personal setting. I would also like to remind you worth remembering that most mouth problems are usually
that our team is here to offer support to the patient a temporary and very treatable complication of lymphoma
as well as their loved ones and carers. If you have or its treatment.
any feedback or suggestions on our newsletters,
luncheons or services please ensure you let us what to look out for
know so we can continue to meet your needs. I It is a good idea to get into the habit of inspecting your
hope you enjoy this edition of Lymphoma News mouth every day so that you can detect any visible
where we have featured Hodgkin lymphoma. changes. To do this you will need to look closely at your
gums, your tongue and the lining of your mouth. Let your
Kathryn Huntley doctor, or nurse, know if you are experiencing any of the
Support Services Coordinator following:
Leukaemia Foundation of Queensland
• Unusual dryness of the mouth
• Redness or swelling of the tongue, lips,
gums or the lining of the mouth
• Gums that bleed easily or are inflamed
• Sores on the lips or at the corners of the mouth
• Mouth ulcers
• Altered taste or sensation in mouth
• White plaques coating the tongue and the lining
of the mouth – this may indicate oral thrush
• Pain or numbness in the jaw or surrounding area
• Loose or damaged teeth
mouthcare treatments available
It is important to inform your doctor or nurse as soon as
you notice any changes to your mouth so the appropriate
treatment can be prescribed. Treatments may include:
• Antibacterial mouthwash – to reduce the risk of
• Anaesthetic mouthwash – to relieve pain
• Antiviral medication – to treat, or prevent, cold sores
• Antifungal lozenges, drops or mouthwash – to treat
and prevent oral thrush
• Artificial saliva spray – to help relieve the discomfort
of a dry mouth
• Pain killers (e.g. codeine or morphine) may sometimes
be required (often in liquid form or via a syringe driver)
for severe mucositis.
Try to get into a routine with your mouth care and ensure
you comply with any treatment your doctor has given you. Coping with a sore, dry
If your mouth is sore, ensure you take painkillers or an or infected mouth
anaesthetic mouthwash before you eat. • Take painkillers regularly throughout the day – do not
If you do need any invasive dental treatment, it is important wait until you are in pain.
your dentist knows about your lymphoma and any • Avoid spicy, acidic or salty foods as they can increase
treatment you are receiving. It is also advisable to discuss irritation in your mouth.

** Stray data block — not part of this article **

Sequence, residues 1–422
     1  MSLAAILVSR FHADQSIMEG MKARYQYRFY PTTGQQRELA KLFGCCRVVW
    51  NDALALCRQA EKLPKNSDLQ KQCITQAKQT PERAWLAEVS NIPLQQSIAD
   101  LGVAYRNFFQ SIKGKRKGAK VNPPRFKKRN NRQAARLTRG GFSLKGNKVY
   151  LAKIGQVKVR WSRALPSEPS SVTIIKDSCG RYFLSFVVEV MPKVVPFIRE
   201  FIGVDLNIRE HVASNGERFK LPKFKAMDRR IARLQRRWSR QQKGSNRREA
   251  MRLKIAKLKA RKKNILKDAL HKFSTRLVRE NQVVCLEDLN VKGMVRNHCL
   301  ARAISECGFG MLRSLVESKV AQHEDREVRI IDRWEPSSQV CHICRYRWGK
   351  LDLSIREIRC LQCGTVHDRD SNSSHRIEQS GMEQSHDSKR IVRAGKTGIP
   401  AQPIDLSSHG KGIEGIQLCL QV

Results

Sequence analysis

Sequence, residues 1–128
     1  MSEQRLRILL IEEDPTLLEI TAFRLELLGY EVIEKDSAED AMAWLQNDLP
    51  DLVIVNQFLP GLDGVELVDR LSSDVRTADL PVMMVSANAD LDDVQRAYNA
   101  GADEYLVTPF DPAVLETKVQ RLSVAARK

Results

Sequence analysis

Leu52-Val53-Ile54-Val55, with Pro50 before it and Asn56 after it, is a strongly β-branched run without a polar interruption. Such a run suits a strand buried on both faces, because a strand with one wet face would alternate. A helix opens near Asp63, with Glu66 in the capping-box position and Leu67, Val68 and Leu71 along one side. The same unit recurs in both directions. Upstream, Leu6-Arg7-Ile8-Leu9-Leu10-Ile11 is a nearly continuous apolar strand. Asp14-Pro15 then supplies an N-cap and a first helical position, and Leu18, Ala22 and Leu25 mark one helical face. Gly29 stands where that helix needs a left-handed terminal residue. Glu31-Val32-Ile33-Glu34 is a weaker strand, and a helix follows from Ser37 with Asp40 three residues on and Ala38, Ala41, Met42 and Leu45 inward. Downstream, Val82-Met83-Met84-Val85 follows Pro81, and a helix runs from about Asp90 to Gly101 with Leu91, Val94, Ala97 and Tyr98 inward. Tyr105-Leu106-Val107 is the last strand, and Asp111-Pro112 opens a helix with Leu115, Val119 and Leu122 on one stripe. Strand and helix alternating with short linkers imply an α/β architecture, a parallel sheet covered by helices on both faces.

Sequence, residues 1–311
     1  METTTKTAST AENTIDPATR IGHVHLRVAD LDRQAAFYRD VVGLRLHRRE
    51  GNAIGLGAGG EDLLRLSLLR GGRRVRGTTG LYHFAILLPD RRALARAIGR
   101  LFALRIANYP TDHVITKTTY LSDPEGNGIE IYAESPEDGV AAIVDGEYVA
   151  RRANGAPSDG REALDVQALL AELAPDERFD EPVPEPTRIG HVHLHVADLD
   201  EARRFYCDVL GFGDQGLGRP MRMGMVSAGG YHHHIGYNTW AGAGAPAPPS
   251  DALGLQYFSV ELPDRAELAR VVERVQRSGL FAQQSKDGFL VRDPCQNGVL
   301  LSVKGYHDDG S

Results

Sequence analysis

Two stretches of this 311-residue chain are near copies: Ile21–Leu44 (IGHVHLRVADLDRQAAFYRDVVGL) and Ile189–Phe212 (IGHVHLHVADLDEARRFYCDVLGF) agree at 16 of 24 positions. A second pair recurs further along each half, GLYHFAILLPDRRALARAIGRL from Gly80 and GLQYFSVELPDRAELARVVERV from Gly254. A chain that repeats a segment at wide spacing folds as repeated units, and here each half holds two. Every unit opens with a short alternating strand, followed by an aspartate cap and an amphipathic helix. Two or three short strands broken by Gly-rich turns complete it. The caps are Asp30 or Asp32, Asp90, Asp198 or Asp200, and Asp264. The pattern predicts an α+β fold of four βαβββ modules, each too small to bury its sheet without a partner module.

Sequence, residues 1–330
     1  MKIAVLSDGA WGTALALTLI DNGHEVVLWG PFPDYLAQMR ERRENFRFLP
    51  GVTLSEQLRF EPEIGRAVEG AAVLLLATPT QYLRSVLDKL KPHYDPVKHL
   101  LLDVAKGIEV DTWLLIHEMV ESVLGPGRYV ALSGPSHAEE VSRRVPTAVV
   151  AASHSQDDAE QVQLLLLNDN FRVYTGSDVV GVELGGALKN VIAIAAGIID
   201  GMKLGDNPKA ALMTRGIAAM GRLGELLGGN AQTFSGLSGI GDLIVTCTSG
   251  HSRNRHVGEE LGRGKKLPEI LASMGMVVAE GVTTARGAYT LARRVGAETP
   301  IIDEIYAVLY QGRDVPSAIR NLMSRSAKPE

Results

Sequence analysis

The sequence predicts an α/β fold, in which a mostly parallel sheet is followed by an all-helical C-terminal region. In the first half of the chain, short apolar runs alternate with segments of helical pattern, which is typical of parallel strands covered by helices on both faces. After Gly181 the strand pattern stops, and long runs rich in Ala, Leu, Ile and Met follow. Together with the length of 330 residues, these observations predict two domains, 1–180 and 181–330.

any proposed dental treatment with your haematologist • Avoid alcohol and tobacco as they too can irritate
prior to undergoing the procedure. your mouth.
• Eat soft or pureed foods or moisten foods with gravy,
tips for self-management melted butter or sauces to make them easier to chew
preventative measures • Try to keep drinking as much as possible – use a straw
• Try to keep your mouth clean by brushing your teeth if necessary.
at least twice a day. Use a soft toothbrush and only • Eat ice cubes, ice-lollies or boiled sweets – they can
brush very gently around your gums. soothe a sore mouth and help with dryness
• Avoid flossing your teeth unless you know that your • Avoid wearing dentures for a while if your mouth is
platelet count is normal. very sore or inflamed.
• Keep your mouth moist and fresh and try to drink at • Ask to be referred to a dietician if you are having
least three litres of clear fluid a day. problems eating – they can prescribe supplements to
• Use vaseline or lip balm to help keep your lips moist. boost your nutritional intake.
• Keep your dentures clean. • Use mouthwashes regularly as they can provide
• Visit your dentist regularly, especially prior to the start temporary relief.
of any new treatment.
• Avoid smoking, and take alcohol only in moderation *The information in this article is not meant to replace the advice of
• Inspect your mouth daily and inform your doctor or your medical team. They are the people to ask if you have questions
nurse of any changes. about your individual situation.
extract from understanding Lymphomas - A guide for patients and families. Booklets are
available from the Leukaemia Foundation.
What Are Lymphomas? What causes Hodgkin lymphoma?
Lymphoma is the general term for cancers that develop in Many people who are diagnosed with lymphoma ask the
the lymphatic system. Lymphomas originate in developing question “why me?” Naturally, they want to know what
B–lymphocytes and T-lymphocytes, which have undergone has happened or what they might have done to cause
a malignant change. This means that they multiply without their disease. The truth is that no one knows exactly what
any proper order forming tumours, which are collections causes Hodgkin lymphoma. We do know that it is not
of cancer cells. These tumours cause swelling in the lymph contagious. You cannot ‘catch’ Hodgkin lymphoma by
nodes and other parts of the body. Over time, malignant being in contact with someone who has it. Like many
lymphocytes (called lymphoma cells) crowd out normal cancers, damage to special proteins which normally
lymphocytes. Eventually, the immune system becomes control the growth and division of cells may play a role in
weakened and can no longer function properly. its development.
There are 35 different types of lymphoma currently There is some evidence to suggest that people are more
recognised by the World Health Organisation’s at risk of developing Hodgkin lymphoma if their immune
classification system for lymphoma. Five of these sub- system has been weakened either by a viral infection
types belong to a group of diseases called Hodgkin such as human immunodeficiency virus (HIV) or as a
lymphoma. All other sub-types are commonly grouped result of the use of drugs which affect the function of the
together and called non-Hodgkin lymphomas or B and immune system (immune suppressants). These drugs are